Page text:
In Pursell, the Supreme Court of Iowa considered whether the insurer's CGL policy covered third party negligence and breach-of-contract claims against the insured, a construction contractor whose defective workmanship—building the lower levels of two houses below the floodplain—required costly remedies to bring the houses into compliance with a local ordinance. 596 N.W.2d at 68. The court held there was no occurrence triggering coverage:
We agree with the majority rule and now join those jurisdictions that hold that defective workmanship standing alone, that is, resulting in damages only to the work product itself, is not an occurrence under a CGL policy.
Id. at 71; accord Liberty Mut. Ins. Co. v. Pella Corp., 650 F.3d 1161, 1175–76 (8th Cir. 2011) (defective windows); Norwalk Ready Mixed Concrete, Inc. v. Travelers Ins. Co., 246 F.3d 1132, 1136–37 (8th Cir. 2001) (faulty concrete work that damaged a parking lot). West Bend argued, and the district court agreed, “that A1's claimed losses against Decker Plastics, as foreseeable and expected consequences of Decker Plastics' defective workmanship [omitting UVI from the bags it sold A1's], did not result from an ‘accident,’ and were not an ‘occurrence’ under” West Bend's policy.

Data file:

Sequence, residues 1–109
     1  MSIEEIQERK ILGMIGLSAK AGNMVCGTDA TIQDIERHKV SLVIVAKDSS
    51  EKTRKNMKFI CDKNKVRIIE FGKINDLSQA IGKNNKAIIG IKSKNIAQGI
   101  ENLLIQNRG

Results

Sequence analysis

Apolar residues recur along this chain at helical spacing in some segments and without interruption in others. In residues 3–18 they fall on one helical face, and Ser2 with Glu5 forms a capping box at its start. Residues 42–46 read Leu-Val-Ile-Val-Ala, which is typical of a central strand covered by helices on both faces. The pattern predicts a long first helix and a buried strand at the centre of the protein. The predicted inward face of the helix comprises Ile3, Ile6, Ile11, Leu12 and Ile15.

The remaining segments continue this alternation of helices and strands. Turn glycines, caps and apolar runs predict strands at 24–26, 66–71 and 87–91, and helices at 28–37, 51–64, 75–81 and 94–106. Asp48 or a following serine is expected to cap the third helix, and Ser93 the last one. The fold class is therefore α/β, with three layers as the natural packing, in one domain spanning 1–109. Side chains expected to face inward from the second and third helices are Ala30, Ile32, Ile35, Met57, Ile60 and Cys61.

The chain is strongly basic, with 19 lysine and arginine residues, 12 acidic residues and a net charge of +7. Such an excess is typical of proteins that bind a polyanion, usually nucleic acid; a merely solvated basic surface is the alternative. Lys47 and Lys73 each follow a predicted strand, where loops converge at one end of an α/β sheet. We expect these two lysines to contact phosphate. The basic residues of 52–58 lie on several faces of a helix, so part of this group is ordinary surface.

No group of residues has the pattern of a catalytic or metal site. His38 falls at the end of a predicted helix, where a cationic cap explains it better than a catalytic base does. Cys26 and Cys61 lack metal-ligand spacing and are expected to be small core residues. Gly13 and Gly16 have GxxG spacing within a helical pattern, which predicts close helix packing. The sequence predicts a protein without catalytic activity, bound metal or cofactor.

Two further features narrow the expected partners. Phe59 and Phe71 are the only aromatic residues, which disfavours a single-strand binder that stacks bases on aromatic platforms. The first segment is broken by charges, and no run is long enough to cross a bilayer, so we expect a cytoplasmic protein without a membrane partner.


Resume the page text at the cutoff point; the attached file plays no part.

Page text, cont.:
We disagree with this analysis because it disregards the Supreme Court of Iowa's narrow holding in Pursell—that a claim of “defective workmanship standing alone, that is, resulting in damages only to the work product itself,” is not an occurrence. 596 N.W.2d at 71. Here, Decker's defective bags were sold to its customer, A1's, which then used the bags to store its own property, landscaping materials. The defective bags unexpectedly deteriorated, causing damage to A1's other property. The deterioration of the bags was the covered occurrence. To rephrase Pursell's definition of “accident,” the occurrence was “a misfortune with concomitant damage to a victim [A1's], and not the negligence [of Decker] which eventually result[ed] in that misfortune.” The covered property damage (if any) was to A1's property other than the bags.